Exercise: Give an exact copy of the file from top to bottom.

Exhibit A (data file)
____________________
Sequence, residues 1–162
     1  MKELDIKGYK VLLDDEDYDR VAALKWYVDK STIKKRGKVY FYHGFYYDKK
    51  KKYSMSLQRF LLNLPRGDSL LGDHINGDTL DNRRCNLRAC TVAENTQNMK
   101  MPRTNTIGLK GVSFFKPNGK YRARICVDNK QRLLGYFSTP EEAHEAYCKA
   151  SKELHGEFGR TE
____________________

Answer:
Sequence, residues 1–162
     1  MKELDIKGYK VLLDDEDYDR VAALKWYVDK STIKKRGKVY FYHGFYYDKK
    51  KKYSMSLQRF LLNLPRGDSL LGDHINGDTL DNRRCNLRAC TVAENTQNMK
   101  MPRTNTIGLK GVSFFKPNGK YRARICVDNK QRLLGYFSTP EEAHEAYCKA
   151  SKELHGEFGR TE